He was a local kid, from Revere, Massachusetts. He brought some hope to fans of a team that had very little of it for a long time. He was handsome, had a beautiful swing, and led the American League in home runs in 1965. He exploded onto the Red Sox baseball scene with a home run in his first game at Fenway Park in 1964, at the age of 19.
Tony Conigliaro had the world at his feet in 1967. He had just made his first All-Star Game appearance that season, and had 20 home runs by mid-August. He was the youngest player in history to reach 100 home runs, at the age of 22. The Red Sox were in the middle of their first pennant race in over a dozen years, and the fans of New England were excited about the game for the first time in what seemed like ages.
And with one pitch, on August 18, 1967 from California Angels pitcher Jack Hamilton, everything changed for Tony Conigliaro.
It was a fastball that kept on riding in on Tony C, and the more he tried to get out of the way, the more it zoomed in on him. It struck him on the left cheekbone, and those players who witnessed it will never forget the sickening thud the sound of the ball hitting him made. (Hamilton to this day insists he was not throwing at Tony C, but he did throw a spitter from time to time, he once admitted.) It broke his cheekbone, and his eye swelled up, and his vision was damaged.
Tony C suffered retinal damage, and was forced to miss the remainder of the 1967 season, as the Red Sox went on to win the 1967 AL pennant in their "Impossible Dream" season. The damage was so severe that he was also forced to site out the entire 1968 season as well.
He made a remarkable return in 1969, hitting a home run on Opening Day in Baltimore, a win over the Orioles. He hit 20 HRs, 82 RBI in 141 games in 1969, and was voted The Comeback Player of the Year in the AL. The next season hit hit 36 HRs, 116 RBIs, which were both career highs for him. He was also voted The Hutch Award that season. ( It is given to the Major League ballplayer that best exemplifies the fighting spirit and competitive desire of the late Fred Hutchinson, the former Cincinnati Reds manager who died of cancer in 1965.)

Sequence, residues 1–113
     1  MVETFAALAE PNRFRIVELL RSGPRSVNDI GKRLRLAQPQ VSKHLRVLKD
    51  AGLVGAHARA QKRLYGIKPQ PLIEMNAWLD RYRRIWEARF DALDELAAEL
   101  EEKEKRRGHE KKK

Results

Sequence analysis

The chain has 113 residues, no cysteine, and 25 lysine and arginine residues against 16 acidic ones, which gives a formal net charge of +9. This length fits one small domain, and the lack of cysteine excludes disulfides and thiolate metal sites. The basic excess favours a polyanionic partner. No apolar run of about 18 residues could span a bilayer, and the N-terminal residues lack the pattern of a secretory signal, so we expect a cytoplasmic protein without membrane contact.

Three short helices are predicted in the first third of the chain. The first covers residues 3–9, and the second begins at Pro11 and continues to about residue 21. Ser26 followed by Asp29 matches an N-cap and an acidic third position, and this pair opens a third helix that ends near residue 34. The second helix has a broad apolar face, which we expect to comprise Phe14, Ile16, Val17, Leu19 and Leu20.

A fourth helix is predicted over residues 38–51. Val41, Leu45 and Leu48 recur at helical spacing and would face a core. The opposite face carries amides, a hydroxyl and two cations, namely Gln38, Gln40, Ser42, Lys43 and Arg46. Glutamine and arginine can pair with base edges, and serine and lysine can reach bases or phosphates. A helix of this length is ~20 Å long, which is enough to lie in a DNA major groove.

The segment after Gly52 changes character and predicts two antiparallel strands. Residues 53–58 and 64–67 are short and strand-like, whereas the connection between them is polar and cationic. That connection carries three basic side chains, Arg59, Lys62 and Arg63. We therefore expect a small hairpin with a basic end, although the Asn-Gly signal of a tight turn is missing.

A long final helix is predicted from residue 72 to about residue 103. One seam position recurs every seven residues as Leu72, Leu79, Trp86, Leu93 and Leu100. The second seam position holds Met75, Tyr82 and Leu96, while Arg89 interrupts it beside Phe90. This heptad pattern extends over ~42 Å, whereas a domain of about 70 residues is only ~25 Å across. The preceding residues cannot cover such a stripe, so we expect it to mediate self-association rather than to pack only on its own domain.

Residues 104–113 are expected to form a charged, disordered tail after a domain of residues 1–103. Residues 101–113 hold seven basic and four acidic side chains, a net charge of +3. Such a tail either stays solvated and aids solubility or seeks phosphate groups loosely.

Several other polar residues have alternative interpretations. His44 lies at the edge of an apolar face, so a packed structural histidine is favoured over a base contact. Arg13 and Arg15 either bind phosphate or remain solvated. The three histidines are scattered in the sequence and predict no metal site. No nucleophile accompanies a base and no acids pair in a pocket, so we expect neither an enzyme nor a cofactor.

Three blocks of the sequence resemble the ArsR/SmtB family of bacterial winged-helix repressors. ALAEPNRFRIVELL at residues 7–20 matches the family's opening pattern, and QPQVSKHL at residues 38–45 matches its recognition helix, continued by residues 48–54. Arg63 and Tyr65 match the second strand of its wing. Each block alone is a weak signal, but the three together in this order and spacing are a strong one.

The Red Sox traded him that winter in a multi-player deal to the California Angels. He played a half-season for the Angels, hitting just 4 home runs, and decided to retire, due to the injuries he suffered due to the beaning. In 1975, he attempted a comeback with the Red Sox as a designated hitter, and played 15 games that year. But the damage to his eyesight was just too severe, and this time retired for good.
Tony C tried to get back in the game in 1982, this time as a broadcaster with the Red Sox. After what appeared to be a successful tryout, he suffered a heart attack that January, and while in the hospital, suffered a stroke that put him into a coma. He lingered in what was a vegetative state for eight years and never recovered. Tony C died on February 24, 1990, at the all-too-young age of 45.
The Red Sox will honor the memory of Tony Conigliaro before the Saturday night game (ironically enough, against the Angels) on the 40th anniversary of what is one of the worst moments in the history of Fenway Park. Tony C is a legendary name in Red Sox history, and will always remain that way. The Red Sox immortalized him earlier this year by naming a new section of bleachers above right field, "Conigliaro's Corner." It was a great honor for the local kid with a ton of talent who looked like he was taking his first steps to the Hall of Fame. (If you look at Baseball Reference, the great web site, Tony C is compared in his first three seasons to two legendary baseball home runs hitters: Mickey Mantle and Frank Robinson.)
I can't help but think of the words of John Greenleaf Whittier, a 19th century poet and fellow Massachusetts native, when it comes to Tony Conigliaro: "For of all sad words of tongue or pen, the saddest are these: 'It might have been.'"